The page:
Elliot Lusk


Graduate Student


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Winner, First Place

Creation Date

Spring 2022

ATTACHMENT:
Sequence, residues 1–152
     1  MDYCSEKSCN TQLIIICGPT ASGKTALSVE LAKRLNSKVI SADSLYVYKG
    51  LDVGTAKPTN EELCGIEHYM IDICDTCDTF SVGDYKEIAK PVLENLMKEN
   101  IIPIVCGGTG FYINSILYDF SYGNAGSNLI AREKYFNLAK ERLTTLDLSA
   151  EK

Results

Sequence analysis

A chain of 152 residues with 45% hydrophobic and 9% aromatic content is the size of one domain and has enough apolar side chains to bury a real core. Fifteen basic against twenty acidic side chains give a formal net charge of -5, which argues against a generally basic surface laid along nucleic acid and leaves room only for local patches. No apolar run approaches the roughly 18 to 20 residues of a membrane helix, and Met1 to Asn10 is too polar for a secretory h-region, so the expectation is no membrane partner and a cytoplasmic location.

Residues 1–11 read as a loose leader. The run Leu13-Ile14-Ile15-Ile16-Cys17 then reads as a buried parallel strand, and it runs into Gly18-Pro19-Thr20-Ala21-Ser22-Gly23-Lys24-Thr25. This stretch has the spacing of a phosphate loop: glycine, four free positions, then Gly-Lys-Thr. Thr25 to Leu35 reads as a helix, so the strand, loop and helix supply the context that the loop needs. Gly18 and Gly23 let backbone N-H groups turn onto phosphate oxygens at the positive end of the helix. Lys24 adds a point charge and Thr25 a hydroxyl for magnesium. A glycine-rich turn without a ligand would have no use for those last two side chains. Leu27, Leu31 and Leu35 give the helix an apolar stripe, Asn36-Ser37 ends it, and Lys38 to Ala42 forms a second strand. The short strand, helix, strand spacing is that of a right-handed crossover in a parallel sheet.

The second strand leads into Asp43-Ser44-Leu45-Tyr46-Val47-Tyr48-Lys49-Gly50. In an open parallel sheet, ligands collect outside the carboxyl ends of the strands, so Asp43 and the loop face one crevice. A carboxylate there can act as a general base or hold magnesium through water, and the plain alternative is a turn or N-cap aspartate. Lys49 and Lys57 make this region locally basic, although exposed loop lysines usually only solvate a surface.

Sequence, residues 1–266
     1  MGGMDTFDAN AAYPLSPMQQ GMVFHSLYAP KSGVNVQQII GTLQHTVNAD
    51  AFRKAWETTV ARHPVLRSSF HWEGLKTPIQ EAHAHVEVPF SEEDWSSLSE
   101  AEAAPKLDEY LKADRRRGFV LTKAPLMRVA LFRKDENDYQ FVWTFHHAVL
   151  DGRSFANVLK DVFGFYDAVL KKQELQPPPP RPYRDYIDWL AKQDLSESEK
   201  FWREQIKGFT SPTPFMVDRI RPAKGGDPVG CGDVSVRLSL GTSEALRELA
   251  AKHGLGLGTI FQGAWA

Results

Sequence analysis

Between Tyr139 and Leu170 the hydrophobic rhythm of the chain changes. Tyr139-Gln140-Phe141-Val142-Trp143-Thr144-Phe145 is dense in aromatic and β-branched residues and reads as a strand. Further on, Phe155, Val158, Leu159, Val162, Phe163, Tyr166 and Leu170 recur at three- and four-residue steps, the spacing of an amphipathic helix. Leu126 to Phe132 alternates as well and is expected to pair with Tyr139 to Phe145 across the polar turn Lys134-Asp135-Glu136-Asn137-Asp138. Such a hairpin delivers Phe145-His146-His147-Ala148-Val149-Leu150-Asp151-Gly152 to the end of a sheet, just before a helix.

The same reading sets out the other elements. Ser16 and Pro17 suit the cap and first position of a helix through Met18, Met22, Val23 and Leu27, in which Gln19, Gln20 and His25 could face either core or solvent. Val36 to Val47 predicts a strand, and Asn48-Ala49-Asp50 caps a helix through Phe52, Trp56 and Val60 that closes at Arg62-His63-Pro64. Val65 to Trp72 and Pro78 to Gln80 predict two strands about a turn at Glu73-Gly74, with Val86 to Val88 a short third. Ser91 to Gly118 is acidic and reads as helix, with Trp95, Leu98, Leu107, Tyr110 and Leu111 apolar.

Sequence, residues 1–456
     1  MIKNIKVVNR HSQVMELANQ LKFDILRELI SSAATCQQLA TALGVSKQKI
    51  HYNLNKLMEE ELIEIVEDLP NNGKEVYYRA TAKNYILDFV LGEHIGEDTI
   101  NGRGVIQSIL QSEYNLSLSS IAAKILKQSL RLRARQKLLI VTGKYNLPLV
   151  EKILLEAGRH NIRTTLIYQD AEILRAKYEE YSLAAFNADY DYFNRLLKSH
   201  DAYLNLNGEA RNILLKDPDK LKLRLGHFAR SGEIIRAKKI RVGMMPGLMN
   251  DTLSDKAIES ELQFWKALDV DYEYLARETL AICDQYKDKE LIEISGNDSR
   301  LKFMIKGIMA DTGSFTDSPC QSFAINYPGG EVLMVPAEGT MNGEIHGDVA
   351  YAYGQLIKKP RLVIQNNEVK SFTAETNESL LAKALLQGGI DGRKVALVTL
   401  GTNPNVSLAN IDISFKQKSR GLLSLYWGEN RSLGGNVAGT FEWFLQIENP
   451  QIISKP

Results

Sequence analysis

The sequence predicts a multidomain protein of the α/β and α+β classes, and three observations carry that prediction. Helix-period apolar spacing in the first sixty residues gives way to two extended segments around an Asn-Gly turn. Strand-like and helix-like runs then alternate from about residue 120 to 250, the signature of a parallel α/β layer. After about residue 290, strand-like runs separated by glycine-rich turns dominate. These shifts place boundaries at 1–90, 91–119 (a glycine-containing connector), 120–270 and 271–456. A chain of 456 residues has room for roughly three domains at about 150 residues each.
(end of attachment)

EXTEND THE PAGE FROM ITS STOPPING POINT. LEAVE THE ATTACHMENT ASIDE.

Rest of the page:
Birdsong not only fills the world with beautiful natural melodies but is also a vital communication method for songbirds and is critical in their mate choice. Here we get a colorful look at a nestling European Starling (Sturnus vulgaris) brain. This 20-day old brain is full of rapidly growing and developing brain structures that the Starling will use to aid in the learning and production of song throughout its life. The first few months of life are a very developmentally sensitive time for the bird and a variety of stressors can interfere with brain regions in the song system during this time. My research examines how parasitic mites in bird nests early in their development might affect these brain regions and, in turn, affect song learning and production. The cerebellum, pictured here, has been linked to vocal timing of birdsong. Special thanks to ISU Confocal Core for assistance in advanced bioimaging.


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